As students, we both ride electric longboards to all of our classes because of how convenient and fun they are. One of the problems with these boards is that there aren't many lighting solutions available which leaves riders at risk of being hit at night. If a car can't see the rider, how can they avoid hitting them? To solve this issue, we created our own smart lighting system for electric longboards called "eL".
What it does
eL includes a strip of LEDs and a small control box. The control box mounts to the handle that most electronic skateboards already have. The device is battery powered and can be controlled by the companion phone app.
It uses an accelerometer to tell when the rider is slowing down or leaning to turn. It then uses this data to display either a brake light or a turn signal. The companion app also allows users to select fun effects to customize their board.
How we built it
We started by putting all of our components onto a breadboard and connecting them with jumpers. Once we had that built out, we started working on the Arduino code. We then decided to break down the software side of the system into two main parts:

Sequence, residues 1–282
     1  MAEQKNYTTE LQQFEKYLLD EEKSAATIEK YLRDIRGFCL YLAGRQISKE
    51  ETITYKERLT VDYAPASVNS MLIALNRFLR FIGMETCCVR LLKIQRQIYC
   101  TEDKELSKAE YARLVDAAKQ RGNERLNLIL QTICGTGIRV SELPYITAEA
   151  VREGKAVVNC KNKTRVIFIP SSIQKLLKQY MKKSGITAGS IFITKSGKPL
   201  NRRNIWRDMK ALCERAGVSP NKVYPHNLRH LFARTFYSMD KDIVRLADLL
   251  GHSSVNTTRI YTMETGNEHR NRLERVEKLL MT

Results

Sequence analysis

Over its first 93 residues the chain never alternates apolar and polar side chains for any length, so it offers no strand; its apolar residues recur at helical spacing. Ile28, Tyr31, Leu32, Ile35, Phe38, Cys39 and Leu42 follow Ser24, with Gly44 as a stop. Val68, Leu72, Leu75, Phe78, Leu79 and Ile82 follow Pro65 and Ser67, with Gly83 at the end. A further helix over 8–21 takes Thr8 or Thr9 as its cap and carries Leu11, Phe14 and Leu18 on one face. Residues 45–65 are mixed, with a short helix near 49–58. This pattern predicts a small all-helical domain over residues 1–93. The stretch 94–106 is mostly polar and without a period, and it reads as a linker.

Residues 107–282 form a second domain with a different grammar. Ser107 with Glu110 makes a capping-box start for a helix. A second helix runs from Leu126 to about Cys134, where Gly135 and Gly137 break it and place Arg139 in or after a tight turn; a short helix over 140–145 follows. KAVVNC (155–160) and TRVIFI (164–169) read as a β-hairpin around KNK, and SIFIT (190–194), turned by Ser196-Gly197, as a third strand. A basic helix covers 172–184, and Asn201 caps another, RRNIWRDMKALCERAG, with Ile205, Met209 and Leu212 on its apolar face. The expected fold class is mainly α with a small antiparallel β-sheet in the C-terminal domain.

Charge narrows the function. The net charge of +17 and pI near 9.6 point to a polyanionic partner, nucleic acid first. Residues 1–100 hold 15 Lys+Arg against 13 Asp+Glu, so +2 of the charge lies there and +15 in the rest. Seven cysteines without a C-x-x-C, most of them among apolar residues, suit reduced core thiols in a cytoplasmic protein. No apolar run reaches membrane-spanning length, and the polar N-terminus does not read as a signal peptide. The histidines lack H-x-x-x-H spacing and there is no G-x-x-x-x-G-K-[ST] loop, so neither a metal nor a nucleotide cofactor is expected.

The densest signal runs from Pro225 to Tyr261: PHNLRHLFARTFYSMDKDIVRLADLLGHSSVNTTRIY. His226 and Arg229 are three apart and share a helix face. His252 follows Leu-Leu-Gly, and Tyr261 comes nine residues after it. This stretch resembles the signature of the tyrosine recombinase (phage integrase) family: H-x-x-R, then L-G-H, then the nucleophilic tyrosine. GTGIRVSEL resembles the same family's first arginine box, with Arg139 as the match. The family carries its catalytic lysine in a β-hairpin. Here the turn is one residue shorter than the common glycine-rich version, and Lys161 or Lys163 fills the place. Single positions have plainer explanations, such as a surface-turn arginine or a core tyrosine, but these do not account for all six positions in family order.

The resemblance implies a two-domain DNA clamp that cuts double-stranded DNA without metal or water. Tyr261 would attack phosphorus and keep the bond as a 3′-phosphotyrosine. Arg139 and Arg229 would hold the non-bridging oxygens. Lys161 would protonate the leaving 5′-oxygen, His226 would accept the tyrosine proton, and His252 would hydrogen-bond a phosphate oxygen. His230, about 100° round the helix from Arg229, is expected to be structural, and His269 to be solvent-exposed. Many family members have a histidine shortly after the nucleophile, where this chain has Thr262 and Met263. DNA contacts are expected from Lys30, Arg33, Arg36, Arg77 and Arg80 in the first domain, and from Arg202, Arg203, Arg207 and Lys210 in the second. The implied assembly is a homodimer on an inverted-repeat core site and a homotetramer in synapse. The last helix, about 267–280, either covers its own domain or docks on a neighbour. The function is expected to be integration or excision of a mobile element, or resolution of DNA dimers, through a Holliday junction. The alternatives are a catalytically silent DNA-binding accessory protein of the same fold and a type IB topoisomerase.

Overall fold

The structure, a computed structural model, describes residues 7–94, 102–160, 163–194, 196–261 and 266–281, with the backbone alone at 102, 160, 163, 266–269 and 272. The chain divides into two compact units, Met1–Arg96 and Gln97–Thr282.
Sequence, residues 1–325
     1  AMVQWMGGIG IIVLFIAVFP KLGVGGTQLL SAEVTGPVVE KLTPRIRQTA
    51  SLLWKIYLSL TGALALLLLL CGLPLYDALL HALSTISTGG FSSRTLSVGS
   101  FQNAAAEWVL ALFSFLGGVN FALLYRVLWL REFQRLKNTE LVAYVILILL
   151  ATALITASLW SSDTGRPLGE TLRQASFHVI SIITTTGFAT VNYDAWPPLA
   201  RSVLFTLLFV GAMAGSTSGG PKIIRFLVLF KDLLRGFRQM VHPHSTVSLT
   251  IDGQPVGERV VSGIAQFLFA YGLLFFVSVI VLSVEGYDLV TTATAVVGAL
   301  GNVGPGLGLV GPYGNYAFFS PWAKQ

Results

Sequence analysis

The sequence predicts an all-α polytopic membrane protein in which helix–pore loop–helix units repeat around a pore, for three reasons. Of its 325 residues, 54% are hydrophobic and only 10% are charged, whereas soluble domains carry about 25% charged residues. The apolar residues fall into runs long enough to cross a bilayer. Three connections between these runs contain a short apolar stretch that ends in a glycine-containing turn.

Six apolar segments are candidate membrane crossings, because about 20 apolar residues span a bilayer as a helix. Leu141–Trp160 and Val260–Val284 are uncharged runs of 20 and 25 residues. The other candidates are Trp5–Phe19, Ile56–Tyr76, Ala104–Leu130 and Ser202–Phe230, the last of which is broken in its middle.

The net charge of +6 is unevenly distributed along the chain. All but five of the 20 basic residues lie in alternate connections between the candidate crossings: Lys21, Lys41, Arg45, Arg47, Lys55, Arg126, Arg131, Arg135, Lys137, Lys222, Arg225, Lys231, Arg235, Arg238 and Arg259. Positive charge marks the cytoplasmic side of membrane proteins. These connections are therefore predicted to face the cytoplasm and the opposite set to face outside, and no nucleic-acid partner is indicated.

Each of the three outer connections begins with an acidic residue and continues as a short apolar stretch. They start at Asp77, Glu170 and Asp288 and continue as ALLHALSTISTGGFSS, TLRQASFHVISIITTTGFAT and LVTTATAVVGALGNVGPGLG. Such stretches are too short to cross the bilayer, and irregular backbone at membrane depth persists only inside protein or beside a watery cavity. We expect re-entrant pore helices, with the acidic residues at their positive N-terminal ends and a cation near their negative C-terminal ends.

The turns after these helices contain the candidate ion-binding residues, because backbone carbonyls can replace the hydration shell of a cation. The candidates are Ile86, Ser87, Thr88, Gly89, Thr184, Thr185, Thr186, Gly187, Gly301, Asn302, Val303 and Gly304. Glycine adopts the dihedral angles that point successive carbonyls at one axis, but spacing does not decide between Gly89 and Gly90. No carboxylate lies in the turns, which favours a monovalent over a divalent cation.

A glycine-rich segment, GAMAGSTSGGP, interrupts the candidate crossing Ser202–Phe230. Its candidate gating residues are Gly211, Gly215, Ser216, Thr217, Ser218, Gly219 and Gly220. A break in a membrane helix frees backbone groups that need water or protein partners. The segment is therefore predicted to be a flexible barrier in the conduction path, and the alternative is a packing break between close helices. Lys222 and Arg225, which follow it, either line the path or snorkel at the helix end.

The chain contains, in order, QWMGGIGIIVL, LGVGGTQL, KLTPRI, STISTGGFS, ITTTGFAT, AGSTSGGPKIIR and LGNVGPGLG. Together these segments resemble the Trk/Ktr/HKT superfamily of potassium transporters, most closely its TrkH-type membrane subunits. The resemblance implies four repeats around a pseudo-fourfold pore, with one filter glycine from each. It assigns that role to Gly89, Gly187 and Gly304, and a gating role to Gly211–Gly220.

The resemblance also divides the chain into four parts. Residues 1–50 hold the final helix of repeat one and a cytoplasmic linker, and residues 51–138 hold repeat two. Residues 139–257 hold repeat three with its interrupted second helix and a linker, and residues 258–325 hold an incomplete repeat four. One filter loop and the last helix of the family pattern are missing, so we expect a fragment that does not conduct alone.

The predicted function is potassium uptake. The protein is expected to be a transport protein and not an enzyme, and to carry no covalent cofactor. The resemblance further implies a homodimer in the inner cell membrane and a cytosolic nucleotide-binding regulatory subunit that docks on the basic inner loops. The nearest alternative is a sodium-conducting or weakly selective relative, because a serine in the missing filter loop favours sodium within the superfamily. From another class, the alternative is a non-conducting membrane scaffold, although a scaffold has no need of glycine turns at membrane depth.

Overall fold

- Microcontroller - hosts REST endpoints
- Android app - gets/sends data to the microcontroller via the REST endpoints
We then split up and Maxwell worked on the software side while Sam started soldering components together. A few hours later, eL was up and running!
Challenges we ran into
- Battery issue: we needed 5v to power the LEDs and microcontroller but the lithium polymer batteries were 3.7v. Unfortunately, we were unable to source hardware to step this up to 5v so we ended up using 3 AA batteries in series (4.5v)
Accomplishments that we're proud of
We were able to build a very complete and polished project. We believe that this project could make traveling on electric skateboards much safer. We also believe that this will promote the use of electric skateboards which are clean and practical mode of transportation. We will be looking into developing that project further and potentially turning it into a product.
What we learned
- Some new soldering techniques
- Android studio/app development
- RESTful APIs
What's next for eL
- Add GPS to allow users to track rides
- Additional lighting effects
- Case solution for boards without handles
- Share ride data with friends
- Power with rechargeable battery
- Brake for non-electric longboards
- Fine tune algorithm for more accurate brake/turn detection
- pursue possibility of creating this into a product for a startup